I felt elated as I drove home. Being welcomed by God and by a faith community is a wonderful thing.



Home, but not home

By Tom Ehrich

I am home, but not home. At least, not fully home.

Thanks to two grocery runs, the house has plenty of food. Laundry is done. Road grime is off the car windows. I've had two decent nights' sleep.

But something is still off. I can't get motivated to do the work that needs to be done. I think I have too much unfocused time on my hands. Being "on the road," as I called it, gave a tidy shape to my days.

Also, I am worn out. Four weeks of travel left me exhausted. Not sleepy as much as mentally weary.

I find that I can't just drop a lengthy pilgrimage into my life, do it, return home, and slide easily back into my life.

I am sure this weariness will pass. But it is a reminder that life-changes -- even the most positive changes that have been eagerly anticipated -- leave a hole.

I see another factor, as well. I wrote a reflection on Thursday on the faith enterprise as I see it. I focused on the "basics" of faith, not the exotica. Issues like the alleged inerrancy of Scripture, splitting theological hairs, obsession with sexual morality, the end-times, who runs churches and who owns the property struck me as irrelevant. More important are the nature of God, our call to serve, and faith community.

If this is where my reflections are leading, then I am going to find myself standing apart. Not as a rebel or discoverer of "real Christianity." Just a sense that some things don't matter all that much. And the more we focus on things that don't matter, the farther we drift from God.

This, too, left me feeling weary. I am tired of complaining about church life and trying to "fix" churches.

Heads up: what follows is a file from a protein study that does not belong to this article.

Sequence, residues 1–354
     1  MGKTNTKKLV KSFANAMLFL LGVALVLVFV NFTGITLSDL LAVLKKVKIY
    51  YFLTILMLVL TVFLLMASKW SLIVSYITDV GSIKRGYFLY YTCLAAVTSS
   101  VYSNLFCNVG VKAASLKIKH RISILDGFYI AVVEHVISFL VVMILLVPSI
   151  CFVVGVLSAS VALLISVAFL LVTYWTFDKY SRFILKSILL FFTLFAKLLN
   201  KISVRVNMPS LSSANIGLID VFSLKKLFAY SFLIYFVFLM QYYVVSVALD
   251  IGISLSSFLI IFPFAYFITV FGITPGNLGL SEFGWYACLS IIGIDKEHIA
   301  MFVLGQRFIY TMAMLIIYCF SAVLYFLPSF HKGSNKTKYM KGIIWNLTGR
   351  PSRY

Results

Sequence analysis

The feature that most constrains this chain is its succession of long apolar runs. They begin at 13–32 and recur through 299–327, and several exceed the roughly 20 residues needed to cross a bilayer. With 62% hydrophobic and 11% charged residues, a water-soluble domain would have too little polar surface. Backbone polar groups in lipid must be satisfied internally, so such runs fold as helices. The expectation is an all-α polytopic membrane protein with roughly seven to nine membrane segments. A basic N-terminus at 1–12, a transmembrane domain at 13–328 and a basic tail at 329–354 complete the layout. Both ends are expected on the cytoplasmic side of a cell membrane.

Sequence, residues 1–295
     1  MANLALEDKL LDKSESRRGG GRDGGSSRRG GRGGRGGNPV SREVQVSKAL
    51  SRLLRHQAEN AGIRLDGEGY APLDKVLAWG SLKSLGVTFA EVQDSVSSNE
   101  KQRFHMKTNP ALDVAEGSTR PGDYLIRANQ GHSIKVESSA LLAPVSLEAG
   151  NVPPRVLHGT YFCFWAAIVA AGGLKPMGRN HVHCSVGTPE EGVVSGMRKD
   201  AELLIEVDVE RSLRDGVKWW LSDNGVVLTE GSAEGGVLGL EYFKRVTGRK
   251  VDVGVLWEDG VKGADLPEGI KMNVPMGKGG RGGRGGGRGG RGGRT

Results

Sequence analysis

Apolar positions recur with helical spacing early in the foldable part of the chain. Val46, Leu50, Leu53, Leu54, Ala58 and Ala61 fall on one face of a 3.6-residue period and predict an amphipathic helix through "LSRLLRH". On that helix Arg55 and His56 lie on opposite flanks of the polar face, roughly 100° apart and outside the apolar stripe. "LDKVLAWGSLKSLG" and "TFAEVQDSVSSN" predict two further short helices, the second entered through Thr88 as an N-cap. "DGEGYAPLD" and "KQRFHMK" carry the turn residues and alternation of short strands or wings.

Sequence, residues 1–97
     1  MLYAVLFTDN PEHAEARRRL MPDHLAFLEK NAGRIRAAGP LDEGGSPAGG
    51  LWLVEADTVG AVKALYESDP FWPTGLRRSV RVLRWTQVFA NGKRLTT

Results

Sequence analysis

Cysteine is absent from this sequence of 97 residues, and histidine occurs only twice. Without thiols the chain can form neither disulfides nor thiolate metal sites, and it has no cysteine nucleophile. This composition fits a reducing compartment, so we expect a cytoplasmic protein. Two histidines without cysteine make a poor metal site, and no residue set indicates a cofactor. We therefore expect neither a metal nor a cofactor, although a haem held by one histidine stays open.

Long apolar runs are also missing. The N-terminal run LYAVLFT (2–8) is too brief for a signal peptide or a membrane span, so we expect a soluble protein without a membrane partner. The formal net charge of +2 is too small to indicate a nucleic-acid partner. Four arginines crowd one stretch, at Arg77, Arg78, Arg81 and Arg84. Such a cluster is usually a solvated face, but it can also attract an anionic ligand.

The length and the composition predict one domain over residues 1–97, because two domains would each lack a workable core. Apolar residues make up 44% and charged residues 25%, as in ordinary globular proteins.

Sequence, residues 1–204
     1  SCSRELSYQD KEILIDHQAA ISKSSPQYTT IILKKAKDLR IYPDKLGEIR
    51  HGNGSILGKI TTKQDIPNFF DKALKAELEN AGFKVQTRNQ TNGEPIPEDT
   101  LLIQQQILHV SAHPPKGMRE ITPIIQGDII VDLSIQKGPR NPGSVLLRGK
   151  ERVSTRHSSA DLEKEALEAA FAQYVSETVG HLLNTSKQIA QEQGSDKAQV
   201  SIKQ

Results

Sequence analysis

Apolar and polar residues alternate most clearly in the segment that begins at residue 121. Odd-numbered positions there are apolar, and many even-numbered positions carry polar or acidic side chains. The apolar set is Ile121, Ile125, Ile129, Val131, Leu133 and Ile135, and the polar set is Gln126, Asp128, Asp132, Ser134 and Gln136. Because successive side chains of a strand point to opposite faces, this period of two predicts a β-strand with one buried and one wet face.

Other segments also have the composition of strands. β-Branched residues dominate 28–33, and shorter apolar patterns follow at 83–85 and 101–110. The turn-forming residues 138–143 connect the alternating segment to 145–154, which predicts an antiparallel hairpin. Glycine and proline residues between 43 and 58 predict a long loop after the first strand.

Anyway, a lot is swirling around. A pilgrimage changes things.



Welcome home!

By Tom Ehrich

After driving 4,100 miles through 14 states, four time zones, and terrain from desert to farmland to plains to snow-covered mountains, I pulled into our property in Upstate New York.

I discovered three feet of snow, a well-plowed drive and a warm house. Welcome home!

I am grateful. Grateful for safe passage through so much time on the road. Grateful for a good car (thank you, Enterprise), adequate resources (thank you, readers), a supportive family, friends, and a nation that provides decent highways and free movement from place to place.

It will take me weeks, maybe months, to process all that I experienced. I come home with a more complete, and nuanced, picture of God, as well as insights into my world, my life, and the people I care about.

I came into daily contact with the so-called "echo chambers" of the right-wing: angry radio preachers claiming to be "Christian" and "family" centered, local politicians determined to make life miserable for people of color, and "news" outlets pandering to fears and bigotry. It is worse out there than I had realized.